Your ridiculing and marginalising of someone with Aspergers tells me more about you than the issues of the blog commentariat.

        Overall I find your piece to be full of inaccuracies and prejudices about the blogosphere. Blogs are here to stay, might be better if the MSM educated themselves on how they actually work.

        • thatguynz 11.2.2.1

          And what a surprise to see Pete George get his grubby little mitts in there too (the Herald comments). What a vile cretin he is.

        • lprent 11.2.2.2

          Nice comment – and more polite than I’d have done.

        • Rhinocrates 11.2.2.3

          Wow, Weka,

          that is just amazing. I’m probably blushing (meaning a whiter shade of pale, no doubt – I’ll have to go check in the mirror and listen to Procul Harum). As for everyone else below – too many to name – thank you very much also. Of course you’re sticking up for principles, which I admire.

          As for inflammatory, well, I’ve read far too much of Harlan Ellison not to love his style. Please check out the documentary Dreams With Sharp Teeth .

          • emergency mike 11.2.2.3.1

            And welcome back Rhino, I also seek out and value your comments. As much as I was appalled by Rudman’s offensive lowbrow article, I must say I got a good laugh from his repeated labeling of you as a tr0ll.

            Also laugh worthy was his parting “At least the Roast Busters didn’t hide behind anonymity,” shot. O fer sure, you could learn a thing or two from the RBers Rhino. Where’s my Tui? I hope you’re laughing too.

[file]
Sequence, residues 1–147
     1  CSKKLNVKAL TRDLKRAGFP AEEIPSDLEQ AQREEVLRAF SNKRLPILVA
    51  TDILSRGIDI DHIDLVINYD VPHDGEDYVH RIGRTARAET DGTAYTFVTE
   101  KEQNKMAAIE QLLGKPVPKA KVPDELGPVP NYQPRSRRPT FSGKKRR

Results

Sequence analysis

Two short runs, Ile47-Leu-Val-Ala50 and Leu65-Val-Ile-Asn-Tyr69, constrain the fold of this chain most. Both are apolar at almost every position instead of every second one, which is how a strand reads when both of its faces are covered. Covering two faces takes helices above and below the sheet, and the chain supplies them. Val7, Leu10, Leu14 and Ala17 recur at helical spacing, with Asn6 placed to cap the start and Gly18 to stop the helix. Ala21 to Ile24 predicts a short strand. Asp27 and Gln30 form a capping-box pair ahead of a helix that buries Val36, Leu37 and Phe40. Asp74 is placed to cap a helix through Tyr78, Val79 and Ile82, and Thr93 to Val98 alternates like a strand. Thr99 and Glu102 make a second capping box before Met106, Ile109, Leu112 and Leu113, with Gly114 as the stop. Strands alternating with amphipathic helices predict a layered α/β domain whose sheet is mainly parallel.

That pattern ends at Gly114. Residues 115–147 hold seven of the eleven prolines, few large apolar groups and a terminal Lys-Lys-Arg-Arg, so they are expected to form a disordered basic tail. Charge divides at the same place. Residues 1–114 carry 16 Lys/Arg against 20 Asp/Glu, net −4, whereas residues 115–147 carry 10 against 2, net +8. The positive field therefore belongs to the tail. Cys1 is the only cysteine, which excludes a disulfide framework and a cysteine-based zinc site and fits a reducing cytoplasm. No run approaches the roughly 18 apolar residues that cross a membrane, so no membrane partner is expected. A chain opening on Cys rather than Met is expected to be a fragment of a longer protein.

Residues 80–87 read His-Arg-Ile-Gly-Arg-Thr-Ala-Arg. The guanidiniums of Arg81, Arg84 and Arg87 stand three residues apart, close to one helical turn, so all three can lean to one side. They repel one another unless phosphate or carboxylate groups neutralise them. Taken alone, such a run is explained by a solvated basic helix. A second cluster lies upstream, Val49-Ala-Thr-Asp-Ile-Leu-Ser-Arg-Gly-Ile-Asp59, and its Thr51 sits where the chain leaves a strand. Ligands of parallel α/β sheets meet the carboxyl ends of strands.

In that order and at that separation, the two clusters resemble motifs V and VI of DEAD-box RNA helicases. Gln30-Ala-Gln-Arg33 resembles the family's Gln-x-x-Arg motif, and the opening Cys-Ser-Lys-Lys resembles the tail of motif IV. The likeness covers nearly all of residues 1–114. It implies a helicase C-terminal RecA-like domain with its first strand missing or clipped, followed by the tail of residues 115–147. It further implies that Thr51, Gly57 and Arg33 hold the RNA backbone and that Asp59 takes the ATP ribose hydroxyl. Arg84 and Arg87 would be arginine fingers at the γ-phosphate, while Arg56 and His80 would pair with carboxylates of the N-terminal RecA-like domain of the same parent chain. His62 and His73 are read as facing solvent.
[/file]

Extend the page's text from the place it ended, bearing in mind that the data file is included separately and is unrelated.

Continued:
• Rhinocrates 11.2.2.3.1.1

              I indulged in a mild chuckle. I’ve been called worse by better people, as… er, someone said. Pierre Trudeau, I think.

          • Tim 11.2.2.3.2

            Damn! There’s something I haven’t heard in a while – that album with the purple and grey cover!
            I’ve been away and hadn’t noticed your absence – but welcome back.

        • emergency mike 11.2.2.4

          Well said weka. What a pathetic article from Rudman.

        • Rogue Trooper 11.2.2.5

          I noted a significant number of comments supportive of Rhinocrates when I read the article this morning. “A toxic tr0l” was a bit inflammatory. ouch!

        • David H 11.2.2.6

          Yep Weka they made it in. Unlike mine for calling PG out for his Secret Squirrel name among his others

    • Tracey 11.3

      why was this newsworthy by rudman??? Do journos just read TS, KB and whale slick all day?

    • veutoviper 11.4

      I am disgusted at Rudman’s column. I had some respect for Rudman as a columnist prior to this one, although I did not necessarily always agree with his views.

      But this one is just over the top – particularly his attempts to ‘out’ the blogger. Thankfully, the majority of the comments to date do not support Rudman’s rave – or rather his emotive venom, as you so rightly called it, Karol.